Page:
Home' Community Care Review : CCR May-Jun 2015 Contents their family or carer the option to directly hire the care worker of
"What Better Caring is offering is a new level of choice and
transparency to customers and care workers while providing a better
outcome for both," Better Caring founder Peter Scutt explains. "The
client who wants to take control of their own care is able to engage
people at a price they can afford and the care worker is able to
accept clients on terms they think are fair, and a long-term valuable
bond is formed with the client. We believe our approach facilitates
and embraces the spirit of Consumer Directed Care and the NDIS.
"One thing we have to do for the aged care and disability sectors
is to make the industry a more appealing place to work. We believe
the Better Caring approach will not only encourage people to work
in their local community but introduce new people into the sector.
We offer people a flexible, empowered way to work.
"Our independent workers offer choices to clients built around
what suits them. Engaging the care worker directly is less expensive
than using an agency and makes individual care budgets go further.
What Better Caring is delivering is a new, innovative marketplace
model that ticks all the boxes," Scutt says.
On one side of the Better Caring marketplace, there are clients
needing support and on the other, individual care workers offering
support services. By connecting the client with the worker directly
it can be a more rewarding relationship for both parties. Innovative
home care providers can also partner with the Better Caring
marketplace, by flexibly offering a pool of skilled and motivated
care workers to their clients. This can result in internal efficiencies
in supply and demand for the provider, while delivering real choice
and cost savings to their clients.
These peer-to-peer marketplace models are well established in
other industries that are now being enthusiastically embraced in
Australia. In reference to this new 'sharing economy', Scutt gives
internet-based examples such as Uber, an on-demand taxi service,
Airbnb, an accommodation provider, and Freelancer, a marketplace
for professional services, as disruptors restructuring industries by
empowering consumers and workers to
connect directly. "Like Better Caring, these
services allow people to find each other,
negotiate outcomes, build trust and develop
relationships. It's all very transparent."
"Better Caring is however a marketplace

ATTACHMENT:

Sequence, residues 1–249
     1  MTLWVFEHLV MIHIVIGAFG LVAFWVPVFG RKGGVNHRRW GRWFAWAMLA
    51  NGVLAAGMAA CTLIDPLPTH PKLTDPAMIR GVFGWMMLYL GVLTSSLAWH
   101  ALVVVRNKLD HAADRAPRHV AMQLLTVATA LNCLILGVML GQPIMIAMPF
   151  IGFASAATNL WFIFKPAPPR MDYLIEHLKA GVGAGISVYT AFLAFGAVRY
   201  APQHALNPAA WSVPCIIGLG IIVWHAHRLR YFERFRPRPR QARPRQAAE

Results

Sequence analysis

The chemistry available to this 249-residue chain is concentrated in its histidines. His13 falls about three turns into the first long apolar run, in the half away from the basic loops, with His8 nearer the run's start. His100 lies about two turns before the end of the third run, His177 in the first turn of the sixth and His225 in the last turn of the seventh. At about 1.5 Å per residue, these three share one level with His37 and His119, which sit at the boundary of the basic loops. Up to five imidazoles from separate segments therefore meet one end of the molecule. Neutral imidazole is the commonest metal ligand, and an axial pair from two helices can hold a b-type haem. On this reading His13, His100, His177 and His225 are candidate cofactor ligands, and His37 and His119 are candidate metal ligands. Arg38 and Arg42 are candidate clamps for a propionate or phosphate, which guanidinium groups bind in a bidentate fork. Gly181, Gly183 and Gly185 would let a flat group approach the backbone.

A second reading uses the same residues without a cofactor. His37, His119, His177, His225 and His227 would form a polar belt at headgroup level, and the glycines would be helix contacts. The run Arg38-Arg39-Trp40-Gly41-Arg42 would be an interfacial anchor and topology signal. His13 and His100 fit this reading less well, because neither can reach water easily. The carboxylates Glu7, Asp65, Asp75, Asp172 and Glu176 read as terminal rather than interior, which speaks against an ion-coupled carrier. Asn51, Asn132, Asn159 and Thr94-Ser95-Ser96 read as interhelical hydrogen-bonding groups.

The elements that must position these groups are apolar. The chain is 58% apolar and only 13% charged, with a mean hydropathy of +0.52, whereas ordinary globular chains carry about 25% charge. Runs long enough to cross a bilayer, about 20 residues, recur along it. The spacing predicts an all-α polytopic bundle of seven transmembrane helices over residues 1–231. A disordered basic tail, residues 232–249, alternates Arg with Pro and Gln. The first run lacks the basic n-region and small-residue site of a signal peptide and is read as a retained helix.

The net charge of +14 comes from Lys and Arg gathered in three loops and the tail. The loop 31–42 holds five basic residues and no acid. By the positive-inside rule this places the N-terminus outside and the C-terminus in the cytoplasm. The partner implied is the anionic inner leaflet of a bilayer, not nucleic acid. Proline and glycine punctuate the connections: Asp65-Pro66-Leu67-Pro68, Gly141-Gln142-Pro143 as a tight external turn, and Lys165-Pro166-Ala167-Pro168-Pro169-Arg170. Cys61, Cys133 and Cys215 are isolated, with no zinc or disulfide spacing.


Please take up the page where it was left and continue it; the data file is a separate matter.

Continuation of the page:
with controls, reflecting that we operate in
an industry where many are vulnerable. We
have sensible policies and procedures in
place which are always being improved. Our
on-boarding and approval process includes
criminal and reference checks, before a care
worker's profile goes live on the platform.
We reject about 15 per cent of applicants.
And we have partnered with Zurich to cover
all care workers with insurances.
"A question we are often asked is, how
does Better Caring ensure the quality of
services if care workers are independent?
This is addressed in a number of ways. At a
high level, the ultimate arbiter of quality is
consumer choice -- they can easily choose
someone else. We also enable consumers
to provide feedback on their experience,
which is recorded on worker profiles."
Importantly, the foundation of
quality care starts with the attitudes and
motivations of individual care workers,
Scutt says. Better quality is an outcome
of workers having more control and taking
responsibility for their clients, because they
directly benefit from delivering great care.
"We recognise that we must build the
capacity of care workers and consumers to
operate in this 'free' market. It starts with
having policies, procedures and guidelines
in place to support and protect them both.
We offer 24/7 phone support, peer-to-peer
support, meetups, networking, seminars,
a resources library, coaching, training and
development as an important element of
the Better Caring model."
The shortage of personal care workers
is well documented, says Scutt. The
Productivity Commission review into aged
care reported low levels of morale among
care workers and all the challenges of
attracting and retaining a workforce.
"When I speak to care workers they say
'revolving door' rosters can be a big issue
for them. Care workers used to have a two
week roster, however, with new technology
rosters can change within 24 hours and this
can be a cause of some dissatisfaction. These
rostering systems are often cost or efficiency
driven allowing little flexibility for either
party. It is a high overhead model that gives
little time or incentive for the care worker to
get to know the customer. We are attempting
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